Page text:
Sisters ~ Tazria

Tazria…..okay. This is, of course, the Torah portion about the impurities of menstruation and childbirth, the illness of the skin sometimes associated with leprosy, and the rituals for purity that include social isolation. Lovely, no? This is my third Tazria d’var torah and I sometimes think, why do I keep getting the impurities parashah? I try not to take it personally.
As always, it is an honor to be here among my sisters, a good, safe place to be on a Shabbat morning. I always do lots of reading before I write midrash. I like to see what the really smart people have to say about the parshah and then “steal” their ideas. I really don’t steal ideas, they help to germinate (as in tazria for seeding) my own ideas. What the process really is, is that an idea develops kind of like the tazarat or affliction referred to in this portion. A little idea takes hold on the fringes of my mind and then spreads and develops until the D’var Torah is done. There are lots of scholarly and interesting discussions about the semantics in this portion, the parallels and conflicts between the ideas of “seeding” or rebirth and the development of affliction. I had to stop myself from reading because as fascinating as the semantics were, they were for me on this Shabbat a diversion. The parashah describes the Tzarat as a mysterious impurity that afflicts the walls of your home, your clothes and your body. Although there is a lot of focus on the reproductive in this, something a little different struck me about this portion this time. There were two resonant themes for me. The first is that the primary cause of this terrible and mysterious affliction is what most commentators translate as “evil speech”. The second is that it afflicts the least personal thing first, the walls of the home, progressing to the clothing and finally, lastly and intimately, to the person themselves. Evil speech….there is a concept. If you think hard on it the meaning is kind of elusive and yet when you hear it, and simply react to it, we all know and think the same thing about it; gossip or malice about another. Aha, so there is a golden rule moment embedded in this portion. Speak of others as you wish to be spoken of.
As a sisterhood, we are a widely varied group. In our ages, in our backgrounds, in our education and in our personal styles, politics and beliefs. We argue, we disagree, we hurt each others feelings and sometimes, just sometimes, we gossip, we back chat, we talk out of turn. You know what I mean. We all believe it is wrong, we all think we shouldn’t do it, we all try not to. But at some time or another, we all do it. And it causes disunity, difficulty and ultimately damages our Sisterhood, not to mention ourselves. I see it spreading just like tzarat, first it afflicts our walls and it progresses until it afflicts our persons, our selves and our spirits. Our purpose is to be a pillar of the Temple, a strong support, helping in times of trouble, providing leadership of culture and thought, supporting youth. Our purpose is to be a pillar for women, to help each other, to promote the values and beliefs that we do share, to build an organization that attracts new women to us. We don’t proselytize, we don’t “troll for souls”, we hope to attract by our spirit and purpose women who want a place to belong and to prosper spiritually and emotionally.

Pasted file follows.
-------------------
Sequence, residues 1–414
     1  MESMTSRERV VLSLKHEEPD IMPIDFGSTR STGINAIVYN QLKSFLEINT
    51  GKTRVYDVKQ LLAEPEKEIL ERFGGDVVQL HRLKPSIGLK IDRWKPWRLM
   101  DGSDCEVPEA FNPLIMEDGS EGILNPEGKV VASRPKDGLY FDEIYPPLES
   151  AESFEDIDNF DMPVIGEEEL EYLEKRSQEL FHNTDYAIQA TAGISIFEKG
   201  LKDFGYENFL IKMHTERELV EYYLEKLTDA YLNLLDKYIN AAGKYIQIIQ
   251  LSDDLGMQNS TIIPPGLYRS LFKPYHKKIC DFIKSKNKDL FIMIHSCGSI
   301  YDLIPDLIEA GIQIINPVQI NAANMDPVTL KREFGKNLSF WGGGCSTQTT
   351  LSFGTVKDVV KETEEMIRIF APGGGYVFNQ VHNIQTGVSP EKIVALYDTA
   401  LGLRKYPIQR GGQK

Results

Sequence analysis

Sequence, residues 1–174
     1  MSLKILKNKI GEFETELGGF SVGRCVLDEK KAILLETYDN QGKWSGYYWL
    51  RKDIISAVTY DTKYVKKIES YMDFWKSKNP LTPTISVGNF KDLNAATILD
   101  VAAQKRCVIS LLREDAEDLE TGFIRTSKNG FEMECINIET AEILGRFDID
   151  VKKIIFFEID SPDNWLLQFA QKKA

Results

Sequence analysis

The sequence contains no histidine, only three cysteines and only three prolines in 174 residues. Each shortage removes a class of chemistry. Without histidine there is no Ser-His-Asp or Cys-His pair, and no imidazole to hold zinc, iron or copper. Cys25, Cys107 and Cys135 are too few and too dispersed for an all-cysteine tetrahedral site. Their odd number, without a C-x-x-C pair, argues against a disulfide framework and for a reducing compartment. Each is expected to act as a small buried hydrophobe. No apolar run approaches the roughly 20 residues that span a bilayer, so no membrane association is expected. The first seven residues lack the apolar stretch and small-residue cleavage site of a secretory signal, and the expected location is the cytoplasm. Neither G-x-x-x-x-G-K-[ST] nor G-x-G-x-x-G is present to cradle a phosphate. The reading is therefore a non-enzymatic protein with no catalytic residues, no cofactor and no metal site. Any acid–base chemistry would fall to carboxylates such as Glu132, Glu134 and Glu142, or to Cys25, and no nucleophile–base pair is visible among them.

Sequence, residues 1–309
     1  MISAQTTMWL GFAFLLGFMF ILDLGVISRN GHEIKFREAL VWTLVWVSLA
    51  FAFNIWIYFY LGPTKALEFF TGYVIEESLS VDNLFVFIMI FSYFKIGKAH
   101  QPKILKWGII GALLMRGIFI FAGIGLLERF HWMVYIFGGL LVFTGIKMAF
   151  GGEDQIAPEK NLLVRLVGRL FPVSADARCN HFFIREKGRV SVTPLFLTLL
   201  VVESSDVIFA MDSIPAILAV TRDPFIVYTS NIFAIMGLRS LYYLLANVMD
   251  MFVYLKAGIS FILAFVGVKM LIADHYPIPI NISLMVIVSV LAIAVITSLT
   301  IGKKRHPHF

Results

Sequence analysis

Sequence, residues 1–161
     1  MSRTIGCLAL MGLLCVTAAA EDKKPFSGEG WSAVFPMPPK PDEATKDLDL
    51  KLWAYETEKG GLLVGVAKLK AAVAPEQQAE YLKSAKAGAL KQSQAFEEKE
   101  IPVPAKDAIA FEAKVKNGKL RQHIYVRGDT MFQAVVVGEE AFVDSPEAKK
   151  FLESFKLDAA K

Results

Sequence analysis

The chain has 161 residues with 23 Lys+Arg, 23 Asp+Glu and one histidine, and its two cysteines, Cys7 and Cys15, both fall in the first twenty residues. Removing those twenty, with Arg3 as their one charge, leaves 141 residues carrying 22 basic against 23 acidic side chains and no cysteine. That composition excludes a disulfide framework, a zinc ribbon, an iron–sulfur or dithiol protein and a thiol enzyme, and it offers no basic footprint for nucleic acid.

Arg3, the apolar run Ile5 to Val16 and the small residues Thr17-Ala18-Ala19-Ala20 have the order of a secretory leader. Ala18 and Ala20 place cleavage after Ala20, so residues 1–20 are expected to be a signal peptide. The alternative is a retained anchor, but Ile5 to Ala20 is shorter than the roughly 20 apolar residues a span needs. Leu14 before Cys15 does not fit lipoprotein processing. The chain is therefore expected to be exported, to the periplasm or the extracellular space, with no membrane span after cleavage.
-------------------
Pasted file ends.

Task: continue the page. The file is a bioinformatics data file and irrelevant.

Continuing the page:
[This happened to be a “Sisterhood” Shabbat at our Temple.]

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Author: Trienah Meyers

I am a musician, writer, poet, mother, teacher. I am learning to live life differently at this new stage of life. Travel, food, music, books, friends, religion. Everything is interesting. Everything old is new again. I am also available to ghost write blog posts for you, newsletters, speeches. Proofreading/copy editing/editing also available. Or if you just want to take me travelling...

2 thoughts on “Sisters ~ Tazria”

  1. Gaylord -I had a different ‘twist.’ You write that ‘evil speech’ first impacts the “least personal — the walls of the house’. When I read ‘walls of the house’ I did not picture ‘least personal’. What came to my mind instead was that ‘evil speech’ creates some sort of opening in the boundaries that protect us and our families. The boundaries could be literal — like the walls of the house. Or, the wounds that we create in those we care about when we speak carelessly.

  2. I like your interpretation. It is that in the Torah portion the tzarat (the disease) affects first the walls of the house and only last the body of the person. But I like your comment particularly the “opening of the boundaries”.

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